But not before examining how it was warped!
Clearly the loops from the cross end of the warp were at the top indicating to me that a warping board was the best way to warp this loom as opposed to some modified Navajo warping technique. As I knew Tommye Scanlin used to have a loom just like this, I consulted her for advice and she was exceedingly helpful.

I found when I unwound the old warp that water had dripped onto the top beam at some point when this warp was sitting in my grandmother's dining room waiting for a Maurice Sendak tapestry (see blog post HERE) to be woven and the two iron bars were rusted. Upon the trusty advice of my Uncle Carl, I used plain old vinegar to get the rust off the bars. I made a sort of tub with plastic sheeting and the widest crack in our back deck. It worked perfectly and only took a couple cups of vinegar. After a little scrubbing with steel wool, I had perfectly clean bars again.

There was also an issue with mold on the apron. The new version of this loom which LeClerc still makes doesn't have the canvas apron. The rod attaches directly to the beam in a slot. But this loom is an old one and the apron molded where it was wet. I opted, in this dry climate, to wait to replace it and rolled the mold right back up. I will need to replace the apron sometime soon.

I wound a warp on my warping board.  Here are the warp sections hanging ready to be put through the reed.

I then threaded each loop into every other dent in an 8 dent reed (warping for 8 e.p.i.). I held the reed vertically with two clamps as I did this and slid the loops onto the bar which would hold the warp loops at the top of the loom tied to the bar that goes through the apron rod.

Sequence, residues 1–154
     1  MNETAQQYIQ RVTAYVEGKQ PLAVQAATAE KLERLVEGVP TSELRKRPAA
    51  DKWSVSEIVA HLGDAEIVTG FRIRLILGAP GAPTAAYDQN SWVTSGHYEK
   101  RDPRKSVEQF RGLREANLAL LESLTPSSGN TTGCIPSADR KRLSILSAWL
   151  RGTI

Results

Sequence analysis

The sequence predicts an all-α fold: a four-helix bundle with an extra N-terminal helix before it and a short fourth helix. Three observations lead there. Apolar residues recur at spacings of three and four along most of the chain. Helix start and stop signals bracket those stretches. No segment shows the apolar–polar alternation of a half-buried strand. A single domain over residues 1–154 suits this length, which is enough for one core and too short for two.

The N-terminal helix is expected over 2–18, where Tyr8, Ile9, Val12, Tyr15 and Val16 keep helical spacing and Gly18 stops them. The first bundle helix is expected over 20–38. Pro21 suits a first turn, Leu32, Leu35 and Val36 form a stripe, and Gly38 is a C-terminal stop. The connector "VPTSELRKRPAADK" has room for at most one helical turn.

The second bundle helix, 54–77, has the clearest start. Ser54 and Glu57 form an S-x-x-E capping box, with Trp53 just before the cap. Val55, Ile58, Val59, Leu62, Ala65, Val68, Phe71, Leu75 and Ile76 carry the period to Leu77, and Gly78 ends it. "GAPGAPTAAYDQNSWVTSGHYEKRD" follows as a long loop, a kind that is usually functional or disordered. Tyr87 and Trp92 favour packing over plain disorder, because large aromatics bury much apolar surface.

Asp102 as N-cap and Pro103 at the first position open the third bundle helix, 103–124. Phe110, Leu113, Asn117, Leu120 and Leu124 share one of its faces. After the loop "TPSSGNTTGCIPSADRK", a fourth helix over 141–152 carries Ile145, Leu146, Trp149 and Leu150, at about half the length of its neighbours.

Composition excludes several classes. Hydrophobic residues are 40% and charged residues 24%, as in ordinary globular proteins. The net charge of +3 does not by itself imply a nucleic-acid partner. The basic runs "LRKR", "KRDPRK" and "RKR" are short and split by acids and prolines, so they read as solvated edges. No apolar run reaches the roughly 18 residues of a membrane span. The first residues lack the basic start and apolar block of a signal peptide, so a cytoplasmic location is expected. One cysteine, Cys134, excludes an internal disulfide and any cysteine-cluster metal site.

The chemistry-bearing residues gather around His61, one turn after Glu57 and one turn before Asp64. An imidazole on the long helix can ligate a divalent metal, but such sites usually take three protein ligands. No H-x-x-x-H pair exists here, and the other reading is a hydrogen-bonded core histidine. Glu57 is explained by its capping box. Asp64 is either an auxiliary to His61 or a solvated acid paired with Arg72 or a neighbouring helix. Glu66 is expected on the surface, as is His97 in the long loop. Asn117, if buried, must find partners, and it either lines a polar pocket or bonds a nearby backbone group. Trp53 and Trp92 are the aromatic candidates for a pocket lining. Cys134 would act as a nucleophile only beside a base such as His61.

The entire warp was put through the reed.  Unfortunately I don't currently own a 60 inch 8 dent reed and ended up using two shorter reeds to accomplish this. Because this piece has several sections, the break between the reeds didn't matter. If I was doing a piece without sections, this would not have worked.

With Emily's help, I tied the reed onto the frame, leash sticks below.

The warp was slowly rolled around the top beam and then tied at the bottom like you would a floor loom... ready to weave.

My grandmother loved to mark things and much of my weaving equipment like these leash sticks are covered with her writing.
Another helpful resource for warping and for this project was Kathe Todd-Hooker's warping book, So Warped. It is available from her business, Fine Fiber Press. She specifically mentions a wide variety of looms and how to warp them and I recommend all tapestry weavers, especially ones like me who like to play with a wide variety of looms, have this book on their shelves.

One of my favorite bumper stickers, also from Kathe Todd-Hooker
After the warp is on, you still have to tie leashes. This loom comes with a 1 1/2 inch leash bar which has adjustable height via chains on each side of the loom. 

The leashes are tied one at a time to pull forward the second shed. I learned this method of tying leashes from Archie Brennan and Susan Martin Maffei in their tapestry course, Woven Tapestry Techniques. I have never tied leashes like this before as I usually use a loom with harnesses and treadles. Archie's description in his DVD course is helpful and clear.

I used a long copper bar to hold the open shed in place. The leashes are used to pull the back threads forward to make the other shed.

And the loom is tied up, the tension extremely even if I do say so myself!

Now all that remains is to turn this:

into a finished work of art.